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Man who repeatedly said he couldn’t breathe while being restrained was ‘unlawfully killed’, coroner concludes

Public transport workers used ‘unreasonable and excessive force’ while holding 29-year-old Jack Barnes face down on pavement in Manchester, inquest hears

Chiara Giordano
Friday 26 February 2021 22:40 GMT
Jack Barnes was unlawfully killed when he was restrained face down on a pavement in Manchester, a coroner has concluded
Jack Barnes was unlawfully killed when he was restrained face down on a pavement in Manchester, a coroner has concluded (Family handout/PA)

A man who died after being restrained face down on a pavement following an altercation at a railway station was unlawfully killed, a coroner has concluded.

Jack Barnes, 29, from Hull, was held on the ground by four “customer service representatives” monitoring anti-social behaviour on the tram system at Manchester Victoria after he assaulted two of their colleagues.

The father-of-one repeatedly said he could not breathe as he lay on the ground in the city centre’s Deansgate area after he was caught following a 1,000-metre pursuit on the evening of 11 October 2016, Manchester Coroner’s Court was told.

One of the four men, a former police officer, took over the restraint position at one point and gripped Mr Barnes's neck, held his left arm behind his back and put pressure on his back, the inquest heard.

From bodycam footage worn by a colleague, the former policeman was heard to say: “We're gonna put you out pal. You're all right” and then later added: “Right, if you struggle I will put you to sleep.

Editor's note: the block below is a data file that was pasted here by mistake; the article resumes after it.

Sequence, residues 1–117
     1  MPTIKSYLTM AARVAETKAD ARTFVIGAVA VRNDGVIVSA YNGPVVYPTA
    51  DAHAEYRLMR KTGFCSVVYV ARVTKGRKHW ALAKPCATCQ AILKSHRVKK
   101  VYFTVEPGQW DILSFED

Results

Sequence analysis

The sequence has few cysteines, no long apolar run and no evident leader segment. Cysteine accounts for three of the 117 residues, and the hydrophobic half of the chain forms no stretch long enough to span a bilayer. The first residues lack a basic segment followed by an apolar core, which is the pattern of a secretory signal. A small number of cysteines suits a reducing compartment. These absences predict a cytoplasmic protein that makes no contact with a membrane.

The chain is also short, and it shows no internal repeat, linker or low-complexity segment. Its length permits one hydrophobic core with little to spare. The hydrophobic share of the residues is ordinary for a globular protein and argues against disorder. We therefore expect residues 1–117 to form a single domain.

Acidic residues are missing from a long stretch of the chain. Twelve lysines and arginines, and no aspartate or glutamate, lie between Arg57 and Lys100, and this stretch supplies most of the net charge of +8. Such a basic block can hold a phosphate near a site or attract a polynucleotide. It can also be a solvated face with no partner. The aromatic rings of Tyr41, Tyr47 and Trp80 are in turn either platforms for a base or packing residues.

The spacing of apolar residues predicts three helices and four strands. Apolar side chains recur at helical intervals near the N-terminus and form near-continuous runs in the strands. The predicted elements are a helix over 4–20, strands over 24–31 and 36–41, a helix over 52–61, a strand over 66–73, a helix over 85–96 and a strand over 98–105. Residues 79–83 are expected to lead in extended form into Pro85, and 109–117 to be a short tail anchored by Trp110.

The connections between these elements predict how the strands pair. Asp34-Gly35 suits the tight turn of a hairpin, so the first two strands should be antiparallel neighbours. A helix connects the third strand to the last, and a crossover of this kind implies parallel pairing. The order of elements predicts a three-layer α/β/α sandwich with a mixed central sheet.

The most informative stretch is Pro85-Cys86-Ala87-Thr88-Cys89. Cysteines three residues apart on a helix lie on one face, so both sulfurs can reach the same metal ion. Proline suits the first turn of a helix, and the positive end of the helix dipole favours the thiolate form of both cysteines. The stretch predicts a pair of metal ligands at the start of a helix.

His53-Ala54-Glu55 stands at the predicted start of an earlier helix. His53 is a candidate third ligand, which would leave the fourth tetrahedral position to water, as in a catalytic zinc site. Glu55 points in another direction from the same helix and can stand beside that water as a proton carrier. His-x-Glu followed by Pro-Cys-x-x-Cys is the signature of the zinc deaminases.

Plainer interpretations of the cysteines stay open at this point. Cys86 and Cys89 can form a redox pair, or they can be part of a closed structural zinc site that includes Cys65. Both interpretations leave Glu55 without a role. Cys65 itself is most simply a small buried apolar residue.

Father-of-one Jack Barnes, 29, was unlawfully killed when he was restrained face down on a pavement in Manchester, a coroner has concluded (PA)

“It won't kill you, but you will go to sleep for a while.”

Mr Barnes did not continue to struggle or shout as the officer held him for a total of nine minutes and was heard to slur his words for a short period of time before he went on to have a cardiac arrest.

The inquest heard several minutes passed before anyone noticed he was not moving and he was turned over and his lips were seen to be blue.

Mr Barnes suffered a severe hypoxic brain injury and died in hospital on 2 December 2016.

He had taken an unknown quantity of the drug Spice before his friends got into an argument with one of the staff about allegedly consuming drugs on trams or platforms.

It led to Mr Barnes swinging his bag at two staff members before he was chased out of the station, the court was told.

Jack Barnes pictured as a child (Family handout/PA)

HM senior coroner for Manchester, Nigel Meadows, noted his four pursuers were “overstimulated and aroused” and all had opportunities to phone the police during the course of the chase but did not.

Concluding Mr Barnes was unlawfully killed, he said: "Jack's cardiac arrest was caused by a combination of factors involving the consumption of synthetic cannabinoids, the physical exertion of being chased for over 1,000 metres, as well as an element of resistance to restraint in the initial stages but also the prolonged restraint itself and the unreasonable and excessive force used to do so."

He found the restraint "more than minimally, trivially or negligibly contributed" to the cardiac arrest.

Following the inquest, Mr Barnes's mother Patricia Gerrard said: "From day one I have said that the people involved have needed to be prosecuted for what they did to Jack.

"If this had been the other way around, my Jack would have been sent to prison. I am certain of that.

"He should still be here with us and to see his beautiful daughter grow up."

Her lawyer, Lauren Dale, of Hudgell Solicitors, added: "We want to thank the coroner on behalf of Jack's family for the extremely thorough manner in which he has conducted this inquest and given his findings. We will now be considering our next steps to seek justice for Jack."

Additional reporting by PA

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